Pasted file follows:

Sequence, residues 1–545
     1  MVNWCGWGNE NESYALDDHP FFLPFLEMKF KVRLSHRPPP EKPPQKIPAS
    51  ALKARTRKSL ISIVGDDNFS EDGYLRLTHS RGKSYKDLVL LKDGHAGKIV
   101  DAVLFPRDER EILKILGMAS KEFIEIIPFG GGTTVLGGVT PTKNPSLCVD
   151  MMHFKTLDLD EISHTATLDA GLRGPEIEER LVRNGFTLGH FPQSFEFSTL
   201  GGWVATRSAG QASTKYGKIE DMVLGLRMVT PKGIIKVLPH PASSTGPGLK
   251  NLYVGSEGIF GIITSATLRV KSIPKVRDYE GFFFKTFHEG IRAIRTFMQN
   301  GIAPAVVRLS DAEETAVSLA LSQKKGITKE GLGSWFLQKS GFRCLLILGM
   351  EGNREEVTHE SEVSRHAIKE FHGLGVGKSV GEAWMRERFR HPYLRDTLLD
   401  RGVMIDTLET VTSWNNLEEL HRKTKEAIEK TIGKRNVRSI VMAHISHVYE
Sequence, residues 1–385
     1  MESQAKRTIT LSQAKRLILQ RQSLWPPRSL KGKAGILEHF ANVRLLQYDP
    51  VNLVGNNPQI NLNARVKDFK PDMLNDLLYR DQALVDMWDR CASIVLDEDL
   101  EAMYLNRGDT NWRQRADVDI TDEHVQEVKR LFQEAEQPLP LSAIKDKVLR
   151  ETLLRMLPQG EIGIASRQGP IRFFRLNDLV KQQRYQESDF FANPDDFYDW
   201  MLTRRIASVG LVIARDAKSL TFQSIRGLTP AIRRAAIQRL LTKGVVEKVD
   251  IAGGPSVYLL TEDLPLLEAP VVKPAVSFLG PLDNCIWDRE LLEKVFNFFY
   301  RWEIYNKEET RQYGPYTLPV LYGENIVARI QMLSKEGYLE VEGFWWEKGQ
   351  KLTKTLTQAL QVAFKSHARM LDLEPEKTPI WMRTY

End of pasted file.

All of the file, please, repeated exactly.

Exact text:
Sequence, residues 1–545
     1  MVNWCGWGNE NESYALDDHP FFLPFLEMKF KVRLSHRPPP EKPPQKIPAS
    51  ALKARTRKSL ISIVGDDNFS EDGYLRLTHS RGKSYKDLVL LKDGHAGKIV
   101  DAVLFPRDER EILKILGMAS KEFIEIIPFG GGTTVLGGVT PTKNPSLCVD
   151  MMHFKTLDLD EISHTATLDA GLRGPEIEER LVRNGFTLGH FPQSFEFSTL
   201  GGWVATRSAG QASTKYGKIE DMVLGLRMVT PKGIIKVLPH PASSTGPGLK
   251  NLYVGSEGIF GIITSATLRV KSIPKVRDYE GFFFKTFHEG IRAIRTFMQN
   301  GIAPAVVRLS DAEETAVSLA LSQKKGITKE GLGSWFLQKS GFRCLLILGM
   351  EGNREEVTHE SEVSRHAIKE FHGLGVGKSV GEAWMRERFR HPYLRDTLLD
   401  RGVMIDTLET VTSWNNLEEL HRKTKEAIEK TIGKRNVRSI VMAHISHVYE
Sequence, residues 1–385
     1  MESQAKRTIT LSQAKRLILQ RQSLWPPRSL KGKAGILEHF ANVRLLQYDP
    51  VNLVGNNPQI NLNARVKDFK PDMLNDLLYR DQALVDMWDR CASIVLDEDL
   101  EAMYLNRGDT NWRQRADVDI TDEHVQEVKR LFQEAEQPLP LSAIKDKVLR
   151  ETLLRMLPQG EIGIASRQGP IRFFRLNDLV KQQRYQESDF FANPDDFYDW
   201  MLTRRIASVG LVIARDAKSL TFQSIRGLTP AIRRAAIQRL LTKGVVEKVD
   251  IAGGPSVYLL TEDLPLLEAP VVKPAVSFLG PLDNCIWDRE LLEKVFNFFY
   301  RWEIYNKEET RQYGPYTLPV LYGENIVARI QMLSKEGYLE VEGFWWEKGQ
   351  KLTKTLTQAL QVAFKSHARM LDLEPEKTPI WMRTY